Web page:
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I absolutely LOVED this book. It was suspenseful and very dramatic.The movie was pretty good too.I loved the twist at the end.read more
Is this review helpful? Yes | NoThank you for your feedback.
This was my first Jodi Picoult, and to be quite honest, I could not put it down!Loved it.read more
Is this review helpful? Yes | NoThank you for your feedback.
This is the third Picoult novel that I have read and I love her style.Ellie Hathaway is a Philadelphia defense attorney whose clients have committed heinous crimes and she gets them off. After finishing a case where a man abused young children, she is losing zeal about her job. She goes to Lancaster County, PA, to spend time with her aunt. She used to spend summers there and she hopes to connect with her childhood. Aunt Leda is actually married to Ellie's uncle, so Ellie doesn't know much about her aunt's family. What she knows is that Leda was excommunicated from the Amish religion when she married a Mennonite.The day Ellie arrives at Leda's, she discovers that Leda's sister's daughter, Katie Fisher, is accused of murdering her newborn. Ellie does not want to defend her, but eventually agrees. I learned a lot about the Amish by reading this wonderfully written book.read more
Is this review helpful? Yes | NoThank you for your feedback.
Plain Truth is a story of relationships. Katie Fisher is a young, unmarried Amish girl who is accused of smothering her newborn infant. Ellie Hathaway is a lawyer attempting to take a sabbatical from her career when circumstances bring the two of them together. Ellie begins to represent Katie who not only claims did not smother her infant, but swears she was never pregnant in the first place. To meet the bail stipulation Ellie moves in with the Fisher family. Through the court scenes and the scenes on the Amish farm Ellie and Katie's relationship builds and heals them both in ways that neither thought would ever happen. In true Picoult fashion the story raises many questions as one reads on and tries to find the twist that will inevitably come.I enjoyed the book, but am beginning to wonder if I have read too many Jodi Picoult books. I love how she shows me all the gray in situations that I judge black or white, but I spend the novel trying to guess the big twist rather than enjoying the characters. Plain Truth gave me a glimpse into the Amish lifestyle in such a way that I gained respect for living Plain.read more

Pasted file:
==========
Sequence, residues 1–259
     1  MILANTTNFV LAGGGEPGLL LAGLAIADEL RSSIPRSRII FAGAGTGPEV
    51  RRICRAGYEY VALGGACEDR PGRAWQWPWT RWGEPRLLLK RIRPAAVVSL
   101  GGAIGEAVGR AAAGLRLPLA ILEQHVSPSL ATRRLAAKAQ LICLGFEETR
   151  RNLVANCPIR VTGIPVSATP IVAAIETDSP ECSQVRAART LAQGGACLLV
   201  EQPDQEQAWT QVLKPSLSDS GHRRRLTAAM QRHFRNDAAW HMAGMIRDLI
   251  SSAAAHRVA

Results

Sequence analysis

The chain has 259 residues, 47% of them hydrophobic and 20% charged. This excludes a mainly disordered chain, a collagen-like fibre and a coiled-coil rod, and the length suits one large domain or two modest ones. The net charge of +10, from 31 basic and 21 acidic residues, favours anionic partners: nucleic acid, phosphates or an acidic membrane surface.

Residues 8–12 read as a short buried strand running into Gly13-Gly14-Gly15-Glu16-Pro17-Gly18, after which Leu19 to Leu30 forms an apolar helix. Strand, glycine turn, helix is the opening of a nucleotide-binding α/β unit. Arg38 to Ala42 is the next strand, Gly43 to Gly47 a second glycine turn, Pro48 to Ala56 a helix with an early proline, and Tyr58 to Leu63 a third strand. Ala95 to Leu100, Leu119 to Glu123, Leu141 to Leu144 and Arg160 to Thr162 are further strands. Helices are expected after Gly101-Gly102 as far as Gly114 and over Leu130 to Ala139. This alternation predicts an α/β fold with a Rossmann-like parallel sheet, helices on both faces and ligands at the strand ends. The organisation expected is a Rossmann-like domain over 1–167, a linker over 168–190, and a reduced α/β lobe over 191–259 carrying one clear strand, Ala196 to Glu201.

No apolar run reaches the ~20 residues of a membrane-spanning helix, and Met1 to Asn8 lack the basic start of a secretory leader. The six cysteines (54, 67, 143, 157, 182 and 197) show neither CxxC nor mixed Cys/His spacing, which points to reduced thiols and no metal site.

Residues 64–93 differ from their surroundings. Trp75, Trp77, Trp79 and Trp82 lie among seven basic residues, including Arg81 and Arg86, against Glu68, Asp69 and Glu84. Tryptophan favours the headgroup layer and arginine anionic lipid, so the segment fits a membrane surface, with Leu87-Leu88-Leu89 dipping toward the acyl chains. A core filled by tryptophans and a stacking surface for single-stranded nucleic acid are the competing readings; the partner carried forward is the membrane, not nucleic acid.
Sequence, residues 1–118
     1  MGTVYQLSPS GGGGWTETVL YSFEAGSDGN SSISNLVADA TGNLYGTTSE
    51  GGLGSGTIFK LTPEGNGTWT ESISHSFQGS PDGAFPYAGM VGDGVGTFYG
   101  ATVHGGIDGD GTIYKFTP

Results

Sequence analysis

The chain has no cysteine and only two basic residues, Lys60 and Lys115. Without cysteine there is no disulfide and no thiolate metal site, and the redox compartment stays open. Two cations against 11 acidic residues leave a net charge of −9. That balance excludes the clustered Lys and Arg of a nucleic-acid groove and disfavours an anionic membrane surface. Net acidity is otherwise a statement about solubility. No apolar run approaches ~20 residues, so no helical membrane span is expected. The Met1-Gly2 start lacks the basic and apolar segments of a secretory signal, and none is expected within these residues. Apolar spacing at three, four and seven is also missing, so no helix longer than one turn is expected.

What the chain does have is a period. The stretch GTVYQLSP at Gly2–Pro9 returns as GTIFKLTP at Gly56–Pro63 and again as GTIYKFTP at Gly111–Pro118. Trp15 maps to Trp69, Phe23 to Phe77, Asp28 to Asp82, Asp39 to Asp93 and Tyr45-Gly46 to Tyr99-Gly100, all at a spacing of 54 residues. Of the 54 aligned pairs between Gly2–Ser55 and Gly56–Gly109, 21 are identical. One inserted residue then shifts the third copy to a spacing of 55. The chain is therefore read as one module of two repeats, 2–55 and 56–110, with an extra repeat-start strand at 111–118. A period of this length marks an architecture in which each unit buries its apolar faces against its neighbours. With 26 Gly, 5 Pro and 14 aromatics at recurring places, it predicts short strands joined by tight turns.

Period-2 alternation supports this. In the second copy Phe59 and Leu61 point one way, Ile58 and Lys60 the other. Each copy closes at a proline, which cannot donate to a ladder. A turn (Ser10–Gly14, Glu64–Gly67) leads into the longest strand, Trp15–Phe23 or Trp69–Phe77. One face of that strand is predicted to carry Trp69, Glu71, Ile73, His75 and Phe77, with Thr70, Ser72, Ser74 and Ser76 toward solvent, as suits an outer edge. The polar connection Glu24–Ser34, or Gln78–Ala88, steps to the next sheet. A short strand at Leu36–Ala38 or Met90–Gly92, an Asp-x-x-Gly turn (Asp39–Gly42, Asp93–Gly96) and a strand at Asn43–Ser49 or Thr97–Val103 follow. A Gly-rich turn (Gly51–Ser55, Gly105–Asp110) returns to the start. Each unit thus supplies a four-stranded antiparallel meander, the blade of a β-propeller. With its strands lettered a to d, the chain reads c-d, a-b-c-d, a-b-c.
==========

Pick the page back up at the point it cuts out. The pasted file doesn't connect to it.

Is this review helpful? Yes | NoThank you for your feedback.
I thought this was one of her better titles that kind of threw me for a loop. I had no idea the person who had done it till the very end, so I was shocked! Jodi becomes very familiar with the topics that she writes about and does it again with the amish culture.read more
Is this review helpful? Yes | NoThank you for your feedback.